Second paragraph of third chapter:
“After breakfast,” writes Professor West, “Edith informed me that she had put in a requisition for a young man and a young woman from our ward-house, and that she purposed, with their assistance, to devote the first half of the day to putting my study in order. This I took as a notice to absent myself until dinner time; and accordingly having seen that my more important papers were securely locked up, where they could not be disarranged, I wended my way to the college buildings. I found my lecture-room all newly-swept, and smelling somewhat of fresh paint and varnish, so after chatting a little while with such of the other professors as happened to be in the building, I went to the library and spent the rest of the morning there.[“]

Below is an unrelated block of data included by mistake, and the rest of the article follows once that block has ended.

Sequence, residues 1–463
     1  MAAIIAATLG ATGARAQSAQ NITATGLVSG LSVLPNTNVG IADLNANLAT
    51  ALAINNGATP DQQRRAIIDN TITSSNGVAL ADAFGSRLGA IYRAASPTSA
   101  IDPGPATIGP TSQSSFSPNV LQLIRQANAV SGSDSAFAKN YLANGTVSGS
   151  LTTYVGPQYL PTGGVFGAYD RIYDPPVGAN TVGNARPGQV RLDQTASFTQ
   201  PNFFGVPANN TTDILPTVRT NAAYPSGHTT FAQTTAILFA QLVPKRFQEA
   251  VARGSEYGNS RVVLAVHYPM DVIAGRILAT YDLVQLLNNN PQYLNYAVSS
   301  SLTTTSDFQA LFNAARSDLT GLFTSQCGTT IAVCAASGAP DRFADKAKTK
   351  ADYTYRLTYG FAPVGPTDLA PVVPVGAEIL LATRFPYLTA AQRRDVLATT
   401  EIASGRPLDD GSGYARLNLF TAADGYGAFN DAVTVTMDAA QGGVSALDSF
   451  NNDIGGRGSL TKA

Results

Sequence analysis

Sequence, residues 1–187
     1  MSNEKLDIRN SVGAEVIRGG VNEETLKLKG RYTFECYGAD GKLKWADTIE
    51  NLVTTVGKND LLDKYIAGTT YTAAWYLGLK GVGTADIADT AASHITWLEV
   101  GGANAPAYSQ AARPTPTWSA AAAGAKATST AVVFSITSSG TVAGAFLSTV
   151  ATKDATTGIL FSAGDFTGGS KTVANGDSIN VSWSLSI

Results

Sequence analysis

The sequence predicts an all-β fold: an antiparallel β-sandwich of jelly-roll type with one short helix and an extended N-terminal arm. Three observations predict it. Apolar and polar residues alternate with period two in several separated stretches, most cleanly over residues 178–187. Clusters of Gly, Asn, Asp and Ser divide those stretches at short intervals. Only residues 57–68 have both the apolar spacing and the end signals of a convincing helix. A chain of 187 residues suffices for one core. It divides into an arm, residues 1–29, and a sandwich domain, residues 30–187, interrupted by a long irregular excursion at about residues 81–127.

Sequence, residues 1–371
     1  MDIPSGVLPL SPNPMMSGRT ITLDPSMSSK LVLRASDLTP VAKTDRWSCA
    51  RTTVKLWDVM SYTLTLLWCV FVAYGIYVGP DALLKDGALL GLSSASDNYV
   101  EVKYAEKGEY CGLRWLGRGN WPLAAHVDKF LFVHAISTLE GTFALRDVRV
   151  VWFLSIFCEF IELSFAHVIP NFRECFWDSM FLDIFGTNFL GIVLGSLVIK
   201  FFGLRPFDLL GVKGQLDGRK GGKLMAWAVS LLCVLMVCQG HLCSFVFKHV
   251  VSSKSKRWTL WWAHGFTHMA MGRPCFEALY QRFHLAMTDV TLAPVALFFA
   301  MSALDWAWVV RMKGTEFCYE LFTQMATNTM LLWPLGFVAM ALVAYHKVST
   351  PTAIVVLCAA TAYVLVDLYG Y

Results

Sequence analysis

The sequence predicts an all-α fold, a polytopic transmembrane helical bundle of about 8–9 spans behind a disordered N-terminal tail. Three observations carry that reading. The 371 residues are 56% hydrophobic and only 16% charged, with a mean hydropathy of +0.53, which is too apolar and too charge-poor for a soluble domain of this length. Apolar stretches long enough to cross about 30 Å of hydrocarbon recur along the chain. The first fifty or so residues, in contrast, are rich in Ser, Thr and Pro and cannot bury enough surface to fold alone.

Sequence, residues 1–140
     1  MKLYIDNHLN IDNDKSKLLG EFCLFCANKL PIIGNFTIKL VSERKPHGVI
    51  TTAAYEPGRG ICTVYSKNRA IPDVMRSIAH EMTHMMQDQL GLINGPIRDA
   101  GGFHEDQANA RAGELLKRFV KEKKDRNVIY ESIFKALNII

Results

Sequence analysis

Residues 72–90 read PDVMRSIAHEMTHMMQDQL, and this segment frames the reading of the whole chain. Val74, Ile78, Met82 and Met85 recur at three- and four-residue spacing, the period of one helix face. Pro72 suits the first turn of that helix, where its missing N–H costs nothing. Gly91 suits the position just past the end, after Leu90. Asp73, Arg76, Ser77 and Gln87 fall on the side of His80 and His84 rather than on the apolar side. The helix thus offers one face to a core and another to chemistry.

I’m going to round out the year with a series of reviews of books set in 2023, though this only barely qualifies: the framing narrative is of a lecture series given in 2023 by Won Lung Li, a Chinese professor of recent history at an American university, but in fact almost all of the story takes place in 2020. Published in 1890, it is a direct riposte to Edward Bellamy’s Looking Backward. Because America (and also incidentally France) have adopted cuddly utopian principles, the Chinese are basically able to walk in and take control with very little resistance. Julian West, the protagonist of Looking Backward, is the only person in America who knows about fighting wars, but he is doomed and his surviving papers supply Won Lung with lecturing material. There are some good bits with West and his family escaping occupied Boston on a railway handcart in the middle of the night, but otherwise it’s not a very good book; the Yellow Peril trope is out in full force, combined with Awful Warnings about the Dangers of Socialism. Mercifully short at least. You can get it here.